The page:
This has got me thinking … about the changing world of communication and how we reach the general masses. In these changing times, we’re in the midst of an information overload. Studies show that the average consumer is exposed to up to 10,000 brand messages a day and that we switch between screens up to 21 times an hour! Communication trends show a shift towards the use of videos, punchier headlines and shorter amounts of text (take Twitter’s 140 character limit for example) all of which appeal to people’s emotional responses while opening up communication channels to all levels of literacy.

However, this growing number of distractions is posing a problem for today’s marketers and communicators...with so many distractions resulting in shorter attention spans, how can we get the important messages across to the general masses (and make the messages stick) while also building an effective communication system within local communities? 

There is a standard joke amongst us at work, where we talk about ‘Secretive Jersey’ … meaning that we regularly find out about events after they have taken place, by which point we’ve missed them! On an island so small, one would think that communication of information and events would be easy, but I’m continually surprised to discover that if you often don’t go looking for it, it doesn’t necessarily come to you… especially if you’re not on Facebook! Examples range from the insightful articles written on the Jersey Good Life blog detailing how our local recycling is handled (which were a real eye opener), through to the Jersey Deposit scheme and even simple things such as the only 40mph zone in St Helier being on Victoria Avenue.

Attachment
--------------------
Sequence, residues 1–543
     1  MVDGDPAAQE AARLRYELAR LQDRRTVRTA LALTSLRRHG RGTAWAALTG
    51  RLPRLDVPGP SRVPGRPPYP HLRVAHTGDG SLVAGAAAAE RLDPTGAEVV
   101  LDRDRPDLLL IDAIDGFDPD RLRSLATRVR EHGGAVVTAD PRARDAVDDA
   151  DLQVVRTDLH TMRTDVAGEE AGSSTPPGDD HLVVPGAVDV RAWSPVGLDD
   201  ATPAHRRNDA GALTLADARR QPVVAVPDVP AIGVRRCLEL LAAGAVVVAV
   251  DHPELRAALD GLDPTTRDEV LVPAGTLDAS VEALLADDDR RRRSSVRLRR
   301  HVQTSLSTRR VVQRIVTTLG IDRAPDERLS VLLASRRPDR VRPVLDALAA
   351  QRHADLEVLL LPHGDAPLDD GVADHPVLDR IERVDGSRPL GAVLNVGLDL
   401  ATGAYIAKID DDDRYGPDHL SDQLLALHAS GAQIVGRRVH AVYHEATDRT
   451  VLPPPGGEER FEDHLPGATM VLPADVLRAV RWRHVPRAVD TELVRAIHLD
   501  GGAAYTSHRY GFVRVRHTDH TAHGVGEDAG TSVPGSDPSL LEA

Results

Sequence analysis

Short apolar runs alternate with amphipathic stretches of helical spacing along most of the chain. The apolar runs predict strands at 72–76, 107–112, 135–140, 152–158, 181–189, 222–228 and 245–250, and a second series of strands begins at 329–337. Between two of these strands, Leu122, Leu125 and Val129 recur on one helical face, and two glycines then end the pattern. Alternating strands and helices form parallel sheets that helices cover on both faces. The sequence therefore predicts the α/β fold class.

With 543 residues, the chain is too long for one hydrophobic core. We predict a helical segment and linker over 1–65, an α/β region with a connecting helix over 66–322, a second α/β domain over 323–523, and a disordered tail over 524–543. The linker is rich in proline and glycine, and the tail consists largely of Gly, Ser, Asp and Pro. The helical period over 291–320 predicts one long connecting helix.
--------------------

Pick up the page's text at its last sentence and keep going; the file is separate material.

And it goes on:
There are gaps in information, important information that is simply not reaching the masses … but how do we fill them and what are the options? How do we create effective and structured channels of communication between those who have something to say and those who want to hear it without relying on the internet alone? 

Advertising and communication has evolved rapidly over the last decade, with a vast array of options available to access your target audience. With newspapers, radio stations and TV networks competing to keep up with online advertising, I wonder if people might appreciate some more simple forms of communication. The UK government, for example, spends on average £500k a year on billboard messages, combining imagery and short messages to pack a punch and reach across all demographic groups. Vehicle advertising is also prioritised, recognising the impact that 24 hour moving billboards can have on reaching such audiences.